(Headline USA) The phrase “hate crime” has long been anathema to the ears of Georgia Democrats, ever since the days when the party used the Ku Klux Klan as a highly effective form of voter intimidation against blacks, Jews and other minority groups.
In recent years, however, the Left had come to weaponize the term against Georgia history itself, arguing that symbols like the Confederate flag (which once adorned the state flag) and a Savannah park honoring pro-slavery Vice President John C. Calhoun were offensive forms of speech that needed to be excised.
Now, with a wave of anti-Semitic sentiment suddenly surging from within its deepest recesses to the forefront of the Democratic agenda, the party is dusting off its old KKK rhetoric to justify its opposition to a bill advanced by the Republican legislature seeking to limit pro-Hamas demonstrations that have once again terrorized Jewish residents.
In at least eight states nationwide, lawmakers are working on measures to define anti-Semitism, part of an upsurge of legislation motivated in part by the Israel–Hamas war.
And on Thursday, the Georgia Senate approved HB30, putting the measure on track for final passage, with Republicans uniting in support of Israel’s war on Hamas and some Democrats splitting over fears of suppressing support for Palestinians.
“Today we can fight a pervasive and escalating threat in our state and fight it together,” said Senate President Pro Tem John Kennedy, a Macon Republican who guided the bill to Senate passage by a 44-6 vote. The measure had stalled in a Senate committee in 2023.
A House vote to agree with changes to the bill could come later Thursday, sending it to Gov. Brian Kemp, a Republican, for his signature or veto.
Sponsors say adopting the definition put forward by the International Holocaust Remembrance Alliance would help prosecutors and other officials identify hate crimes and illegal discrimination targeting Jewish people. Georgia has a hate crimes law that allows higher criminal penalties for crimes motivated by some types of bias.
The definition, which is only referred to in the bill, describes anti-Semitism as “a certain perception of Jews, which may be expressed as hatred toward Jews. Rhetorical and physical manifestations of antisemitism are directed toward Jewish or non-Jewish individuals and/or their property, toward Jewish community institutions and religious facilities.”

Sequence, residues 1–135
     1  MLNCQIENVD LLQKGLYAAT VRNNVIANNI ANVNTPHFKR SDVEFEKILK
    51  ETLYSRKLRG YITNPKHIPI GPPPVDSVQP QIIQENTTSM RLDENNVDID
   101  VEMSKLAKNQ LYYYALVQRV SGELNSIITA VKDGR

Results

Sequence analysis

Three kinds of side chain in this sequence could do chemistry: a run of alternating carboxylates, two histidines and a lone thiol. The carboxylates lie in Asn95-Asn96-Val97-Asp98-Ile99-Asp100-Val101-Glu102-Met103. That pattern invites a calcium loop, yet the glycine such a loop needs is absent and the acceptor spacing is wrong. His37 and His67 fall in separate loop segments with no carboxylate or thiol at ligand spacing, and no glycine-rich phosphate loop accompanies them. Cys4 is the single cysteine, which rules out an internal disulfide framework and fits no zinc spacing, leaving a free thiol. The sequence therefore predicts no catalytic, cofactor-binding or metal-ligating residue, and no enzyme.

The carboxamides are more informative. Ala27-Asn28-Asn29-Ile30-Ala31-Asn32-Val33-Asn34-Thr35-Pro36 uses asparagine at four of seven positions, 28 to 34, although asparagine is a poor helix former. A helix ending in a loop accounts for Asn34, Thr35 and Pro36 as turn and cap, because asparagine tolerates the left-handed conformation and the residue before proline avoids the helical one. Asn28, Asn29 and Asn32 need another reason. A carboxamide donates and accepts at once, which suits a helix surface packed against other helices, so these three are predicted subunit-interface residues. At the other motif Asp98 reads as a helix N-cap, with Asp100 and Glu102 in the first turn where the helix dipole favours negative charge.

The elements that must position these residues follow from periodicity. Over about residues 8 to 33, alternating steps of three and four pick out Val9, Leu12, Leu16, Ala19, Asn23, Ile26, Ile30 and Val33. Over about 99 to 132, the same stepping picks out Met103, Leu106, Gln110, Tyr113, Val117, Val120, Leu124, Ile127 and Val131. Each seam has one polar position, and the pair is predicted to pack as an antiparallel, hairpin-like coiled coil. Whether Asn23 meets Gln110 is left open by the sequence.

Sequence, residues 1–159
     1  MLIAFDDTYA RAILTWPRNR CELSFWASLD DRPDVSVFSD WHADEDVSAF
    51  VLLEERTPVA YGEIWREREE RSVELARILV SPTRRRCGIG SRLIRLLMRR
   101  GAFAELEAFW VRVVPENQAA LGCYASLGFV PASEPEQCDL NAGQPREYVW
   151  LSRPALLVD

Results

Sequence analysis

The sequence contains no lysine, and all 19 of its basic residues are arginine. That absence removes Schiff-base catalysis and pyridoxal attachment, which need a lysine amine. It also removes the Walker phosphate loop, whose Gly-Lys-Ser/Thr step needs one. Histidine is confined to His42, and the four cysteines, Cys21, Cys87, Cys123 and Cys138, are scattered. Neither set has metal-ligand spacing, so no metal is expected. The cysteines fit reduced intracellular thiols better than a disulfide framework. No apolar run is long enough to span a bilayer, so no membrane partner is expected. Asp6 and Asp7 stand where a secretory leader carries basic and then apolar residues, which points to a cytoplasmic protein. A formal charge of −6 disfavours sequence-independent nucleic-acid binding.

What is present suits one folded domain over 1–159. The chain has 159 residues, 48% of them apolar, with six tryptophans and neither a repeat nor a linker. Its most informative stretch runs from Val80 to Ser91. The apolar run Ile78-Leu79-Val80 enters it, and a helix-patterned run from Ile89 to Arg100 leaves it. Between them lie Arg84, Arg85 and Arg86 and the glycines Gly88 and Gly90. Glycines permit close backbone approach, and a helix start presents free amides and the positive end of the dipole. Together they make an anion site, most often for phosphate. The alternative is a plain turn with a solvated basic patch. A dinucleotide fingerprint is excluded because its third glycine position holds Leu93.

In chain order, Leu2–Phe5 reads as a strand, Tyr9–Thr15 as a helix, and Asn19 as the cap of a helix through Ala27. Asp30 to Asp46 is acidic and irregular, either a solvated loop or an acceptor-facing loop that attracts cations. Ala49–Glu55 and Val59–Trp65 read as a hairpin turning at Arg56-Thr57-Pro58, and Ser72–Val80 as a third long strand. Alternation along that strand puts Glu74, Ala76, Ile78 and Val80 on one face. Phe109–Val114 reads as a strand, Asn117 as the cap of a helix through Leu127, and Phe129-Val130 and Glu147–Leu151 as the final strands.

However, some Democrat lawmakers opposed the bill, saying they thought it would be used to censor free-speech rights.
“The First Amendment guarantees our rights as citizens to criticize any government, foreign and domestic,” said Sen. Nikki Merritt, a Lawrenceville Democrat. “Does our Constitution not mean anything? Do our federal laws not mean anything?
Supporters countered that the definition would only come into play after someone had committed a crime.
“This legislation is not about stifling free speech,” Kennedy said. “Nor is it about the government stopping someone from simply sharing their views. It is about safeguarding the dignity and the safety of our Jewish friends and neighbors.”
Some protesters chanting “Free Free Palestine!” were dragged by police officers from the committee room after the vote and one was arrested.
That came after some Jewish residents of Georgia testified they had experienced a surge of bias incidents, including an anti-Semitic group that hung a Jew in effigy outside a Macon synagogue over the summer.
The bill’s opponents said it felt like choosing sides in the Israel–Hamas war.
“We can mourn the loss of both Israeli and Palestinian lives,” said Sen. Kim Jackson, a Stone Mountain Democrat. “We can both condemn the unacceptable acts of anti-Semitism that are plaguing the Jewish community around our state, and acknowledge that our citizens have the right to voice their dissent about the tremendous harm being visited upon Palestinian civilians.”
Some Democrats said that if Georgia moves to define anti-Semitism, then it should also define what prejudice against Muslims, African Americans or LGBT people looks like.
“If we’re going to define anti-Semitism in the law, then there a lot of other groups that experience racism, and they should also have definitions and explanations of what racism looks like,” said Sen. Sally Harrell, an Atlanta Democrat who didn’t vote on the bill.
But such false equivalencies have long been a diversionary tactic deployed by Democrats to conflate the issues of hate crimes and free speech.
Other Democrats said they wanted to support their Jewish constituents and allies, with some recalling the historic support of Jewish people for black civil rights. An Atlanta synagogue was bombed in 1958 by racists striking out against a rabbi’s opposition to segregation.
“The Jewish community stood hand-in-hand with us,” said Senate Minority Gloria Butler, a Stone Mountain Democrat. “Today I return their favor and stand with them.”
Adapted from reporting by the Associated Press